Photo: Patrick Pleul / dpa
For a long time, the G7 and EU countries debated how a possible price cap for Russian oil could work.
Last Friday, they finally decided on a cap of $60 a barrel.
The aim: to limit Moscow's means of financing the war of aggression against Ukraine.
Ukraine even hoped for a "destruction" of the Russian economy.
Now Putin's government has commented on the measure for the first time.
According to the state news agency TASS, Kremlin spokesman Dmitry Peskov said that preparations had been made for the price cap and that it was currently being analyzed.
It is already clear: "We will not accept this upper limit." The market price of Russian Urals oil per barrel is currently around 65 dollars.
Second largest exporter of crude oil in the world
Russia was able to prepare a reaction to the price cap over several months: the important industrialized countries had already initiated the measure at the beginning of September.
In order to guarantee joint action by the West, however, they had to wait for an agreement within the EU.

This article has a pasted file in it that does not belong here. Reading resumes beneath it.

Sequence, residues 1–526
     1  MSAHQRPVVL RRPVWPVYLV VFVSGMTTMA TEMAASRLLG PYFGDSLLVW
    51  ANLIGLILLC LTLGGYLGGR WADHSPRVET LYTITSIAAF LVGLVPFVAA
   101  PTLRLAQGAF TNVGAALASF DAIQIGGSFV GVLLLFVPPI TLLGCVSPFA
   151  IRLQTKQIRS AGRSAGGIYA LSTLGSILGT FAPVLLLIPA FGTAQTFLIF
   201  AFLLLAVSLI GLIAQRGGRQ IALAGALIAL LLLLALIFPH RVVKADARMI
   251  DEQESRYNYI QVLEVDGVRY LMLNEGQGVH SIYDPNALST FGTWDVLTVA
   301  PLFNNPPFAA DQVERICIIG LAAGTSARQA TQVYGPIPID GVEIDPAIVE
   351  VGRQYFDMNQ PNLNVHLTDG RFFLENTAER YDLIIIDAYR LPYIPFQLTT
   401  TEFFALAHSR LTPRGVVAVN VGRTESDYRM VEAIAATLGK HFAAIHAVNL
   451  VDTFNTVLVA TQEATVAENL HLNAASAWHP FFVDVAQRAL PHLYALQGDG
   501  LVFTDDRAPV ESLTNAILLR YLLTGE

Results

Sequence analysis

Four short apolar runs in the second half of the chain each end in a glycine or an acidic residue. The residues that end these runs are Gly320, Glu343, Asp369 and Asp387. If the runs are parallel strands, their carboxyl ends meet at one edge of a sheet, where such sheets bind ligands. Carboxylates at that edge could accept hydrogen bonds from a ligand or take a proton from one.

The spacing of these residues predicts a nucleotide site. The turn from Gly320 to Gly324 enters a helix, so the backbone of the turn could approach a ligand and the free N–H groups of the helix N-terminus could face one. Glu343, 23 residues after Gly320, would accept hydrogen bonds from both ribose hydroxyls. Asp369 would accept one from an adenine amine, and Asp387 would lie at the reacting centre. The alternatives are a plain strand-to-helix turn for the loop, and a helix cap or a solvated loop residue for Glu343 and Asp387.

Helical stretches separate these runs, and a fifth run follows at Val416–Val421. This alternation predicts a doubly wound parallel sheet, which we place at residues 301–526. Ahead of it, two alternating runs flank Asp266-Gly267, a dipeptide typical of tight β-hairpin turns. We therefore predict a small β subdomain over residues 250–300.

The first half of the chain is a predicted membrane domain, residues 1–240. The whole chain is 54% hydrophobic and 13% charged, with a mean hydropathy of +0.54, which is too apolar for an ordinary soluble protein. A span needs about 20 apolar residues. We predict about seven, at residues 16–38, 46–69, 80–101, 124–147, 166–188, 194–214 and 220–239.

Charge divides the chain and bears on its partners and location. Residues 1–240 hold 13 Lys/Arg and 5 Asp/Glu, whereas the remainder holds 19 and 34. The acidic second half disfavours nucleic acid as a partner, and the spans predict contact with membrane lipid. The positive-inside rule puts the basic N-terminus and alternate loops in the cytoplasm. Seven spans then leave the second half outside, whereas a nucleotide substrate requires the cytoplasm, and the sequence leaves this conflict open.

Poland in particular initially called for a much lower cap, reportedly around $30.
The price cap is intended to prevent Russia from "profiting from its war of aggression against Ukraine," according to a statement by the G7 countries, which Australia also joined.
China and India, for example, can continue to import Russian oil, but only at the maximum price that has now been decided.
The limit should also apply if the countries only handle or accompany the sale for third parties.
Russia is the world's second largest exporter of crude oil and had previously warned that it would stop supplying oil to countries that introduced a cap.
The EU gets two-thirds of its oil imports from Russia by sea, with the rest coming via pipelines.